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Saturday, 26 September 2015

26 Sep: A ride from Ashford to Winchelsea, Rye and Dungeness

Nigel writes: With a warm, sunny weekend in prospect I decided to get on a train and go for a bike ride in Kent. I therefore got up early on a Saturday morning and caught the 0715 from Cambridge to London, crossing the road from King's Cross to St Pancras to catch the "Southeastern High Speed" service to Ashford International.

This runs on Britain's fastest railway line at up to 140mph (so is rather fun in itself). But more importantly, the journey from St Pancras to Ashford took only 35 minutes and by 9am I was wheeling my bike out of the station into a sunny Kent morning.

My ride today was a long, clockwise loop down to the coast and back and took me through three distinct areas of landscape: High Weald, the coast, and Romney Marsh.

I initially headed west into High Weald. This is an undulating, wooded landscape cross-crossed with miles and miles of tiny tree-lined country lanes.

Quiet lane near Tenterden. The first half of the ride involved many miles of shaded lanes like this

This is quite a "lumpy" landscape with quite a bit of up and down, but the elevation rarely exceeded 100m and none of the hills I climbed were particularly long or particularly steep.

Converted oast house (originally for drying hops)

After a couple of hours I found myself passing Bodiam Castle, a 14th Century moated castle in the care of the National Trust. It was now after 11am so I called in to visit the cafe and enjoyed a coffee and large slice of chocolate cake.

Bodian Castle

I continued south towards the coast, passing through the ancient hilltop town of Winchelsea along the way. It's the size of a village now, and although I spotted at least one cafe in its pretty streets I decided not to stop and to carry on south.

Strand Gate, Winchelsea

I reached the coast at the little village of Pett Level. The sea itself was hidden behind a high floodbank so I briefly parked my bike and climbed up for a view before continuing east along the coast road towards Winchelsea Beach.

Beachfront house at Pett Level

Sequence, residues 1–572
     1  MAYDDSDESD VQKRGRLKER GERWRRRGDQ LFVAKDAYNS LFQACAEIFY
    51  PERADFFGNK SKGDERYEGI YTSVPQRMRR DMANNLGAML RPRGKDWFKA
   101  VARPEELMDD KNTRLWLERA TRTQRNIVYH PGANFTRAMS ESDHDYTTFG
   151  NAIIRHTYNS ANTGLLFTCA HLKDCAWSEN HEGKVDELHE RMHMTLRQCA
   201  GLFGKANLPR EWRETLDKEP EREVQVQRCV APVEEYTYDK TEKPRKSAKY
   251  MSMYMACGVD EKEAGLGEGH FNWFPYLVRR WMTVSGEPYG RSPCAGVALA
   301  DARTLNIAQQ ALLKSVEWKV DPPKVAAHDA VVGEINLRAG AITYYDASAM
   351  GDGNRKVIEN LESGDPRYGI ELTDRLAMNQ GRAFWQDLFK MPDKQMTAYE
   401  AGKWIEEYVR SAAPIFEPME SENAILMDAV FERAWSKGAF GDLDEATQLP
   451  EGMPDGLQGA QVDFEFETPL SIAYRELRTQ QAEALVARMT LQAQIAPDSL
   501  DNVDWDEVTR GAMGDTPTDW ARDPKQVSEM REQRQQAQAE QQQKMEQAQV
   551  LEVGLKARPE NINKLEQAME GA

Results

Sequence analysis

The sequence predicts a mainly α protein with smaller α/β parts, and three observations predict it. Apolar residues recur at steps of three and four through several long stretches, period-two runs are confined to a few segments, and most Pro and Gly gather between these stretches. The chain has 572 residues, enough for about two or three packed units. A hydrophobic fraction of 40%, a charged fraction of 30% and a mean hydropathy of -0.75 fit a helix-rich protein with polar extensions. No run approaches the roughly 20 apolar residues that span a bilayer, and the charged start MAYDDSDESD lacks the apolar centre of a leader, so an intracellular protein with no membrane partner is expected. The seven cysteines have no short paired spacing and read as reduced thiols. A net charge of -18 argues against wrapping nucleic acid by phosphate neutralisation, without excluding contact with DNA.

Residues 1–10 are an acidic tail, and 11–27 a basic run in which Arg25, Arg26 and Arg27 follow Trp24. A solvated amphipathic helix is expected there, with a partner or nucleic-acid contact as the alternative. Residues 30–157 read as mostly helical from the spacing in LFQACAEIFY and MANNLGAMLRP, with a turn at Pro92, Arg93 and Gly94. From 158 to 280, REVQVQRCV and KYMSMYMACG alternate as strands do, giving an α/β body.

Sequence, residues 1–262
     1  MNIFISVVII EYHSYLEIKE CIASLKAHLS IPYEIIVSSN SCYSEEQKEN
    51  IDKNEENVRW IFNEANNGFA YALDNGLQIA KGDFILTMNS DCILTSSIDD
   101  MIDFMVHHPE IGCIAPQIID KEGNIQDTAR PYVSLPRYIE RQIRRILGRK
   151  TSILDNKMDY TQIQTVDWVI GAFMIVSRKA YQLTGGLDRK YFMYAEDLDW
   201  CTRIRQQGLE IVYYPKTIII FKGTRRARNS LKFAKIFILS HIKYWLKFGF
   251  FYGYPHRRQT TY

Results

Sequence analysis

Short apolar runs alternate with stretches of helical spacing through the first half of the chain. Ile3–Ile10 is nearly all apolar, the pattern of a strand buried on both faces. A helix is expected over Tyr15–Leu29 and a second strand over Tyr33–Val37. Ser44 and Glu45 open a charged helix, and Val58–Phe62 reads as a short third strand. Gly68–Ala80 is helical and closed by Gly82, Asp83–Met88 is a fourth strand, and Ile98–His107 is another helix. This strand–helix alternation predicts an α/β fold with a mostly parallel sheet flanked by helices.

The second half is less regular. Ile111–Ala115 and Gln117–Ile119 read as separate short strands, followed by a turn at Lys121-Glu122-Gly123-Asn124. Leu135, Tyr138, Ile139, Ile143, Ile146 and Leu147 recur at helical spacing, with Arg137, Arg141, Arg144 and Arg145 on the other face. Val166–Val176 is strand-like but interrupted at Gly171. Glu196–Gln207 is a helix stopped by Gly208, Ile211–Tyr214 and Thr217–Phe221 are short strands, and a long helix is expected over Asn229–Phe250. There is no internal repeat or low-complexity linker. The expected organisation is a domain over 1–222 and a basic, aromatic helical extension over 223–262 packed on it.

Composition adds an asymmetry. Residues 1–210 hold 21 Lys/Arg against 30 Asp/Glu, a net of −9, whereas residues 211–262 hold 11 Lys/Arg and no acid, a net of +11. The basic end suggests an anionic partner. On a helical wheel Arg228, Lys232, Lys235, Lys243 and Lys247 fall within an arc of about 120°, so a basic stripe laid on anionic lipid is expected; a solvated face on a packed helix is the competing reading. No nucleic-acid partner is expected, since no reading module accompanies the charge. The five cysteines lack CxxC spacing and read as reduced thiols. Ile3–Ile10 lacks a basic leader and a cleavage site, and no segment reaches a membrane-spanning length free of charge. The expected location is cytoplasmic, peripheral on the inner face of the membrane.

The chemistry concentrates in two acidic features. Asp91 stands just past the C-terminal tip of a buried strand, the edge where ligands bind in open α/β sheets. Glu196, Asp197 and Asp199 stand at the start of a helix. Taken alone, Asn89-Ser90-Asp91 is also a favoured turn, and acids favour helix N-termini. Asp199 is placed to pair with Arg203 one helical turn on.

At Winchelsea Beach the road turns north towards Rye. However I was able to continue to follow the coast on a traffic-free path all the way to Rye Harbour. This was a really good path (with a lovely smooth surface), busy with people out for a stroll, but once again the sea was mostly out of sight behind a high bank of shingle.

Traffic-free path between Winchelsea Beach and Rye Harbour

Path between Winchelsea Beach and Rye Harbour

View from Rye Harbour towards Camber Sands

At Rye Harbour I turned north and continued on into Rye, another ancient hilltop town. This was a rather frustrating town to visit with a bike, with a network of narrow, one-way streets designed to make it impossible to simply cycle through in any direction without having to stop and dismount, but I persevered and found a peaceful bench in the churchyard to eat my sandwiches.

Landgate, Rye

I wheeled my bike back out of the town centre, remounted, and continued on my way. After a short section of bumpy cycle path I joined the road east to Camber.

This stony path from Rye towards Camber is part of NCN 2

The High Weald was now behind me and the scenery became bleak, monotous and rather windy. Once again I found myself riding along the coast road, with a shingle bank between me and the sea. After a while I turned inland towards Lydd and I discovered that the prevailing wind today was from the north. For a short length of time the ride began to be a bit of a slog but as I approached Lydd and turned back south-east towards Dungeness my moment of weariness passed as I approached what was probably the real destination of today's ride: Dungeness.

The windswept road from Lydd to Dungeness

Dungeness is famous for its wide-open shingle wilderness and its "end of the world" atmosphere, but it's undeniably a singular place to visit. There's not a lot here: two lighthouses, two pubs, a huge nuclear power station, one or two craft shops, a scattering of wooden houses (some old and run-down, some modern and stylish), and the little station at the end of the Romney, Hythe and Dymchurch Light Railway.

Dungeness, the new lighthouse

After a coffee and a scone and cream at the Light Railway cafe it was time to turn north and ride back to Ashford.

Prospect House, Dungeness (the former home of Derek Jarman)

As I left the bleak desolation of Dungeness behind the landscape began to change once more as I found myself riding through the pancake-flat Romney Marsh. As the word "marsh" in the title suggests, it's a bit like the Cambridgeshire Fens with mile after mile of carefully-drained farmland. However it felt much less bleak than the Fens, and with rather better-surfaced roads. In the low sun of the early evening it looked very tranquil.

Romney Marsh near Snargate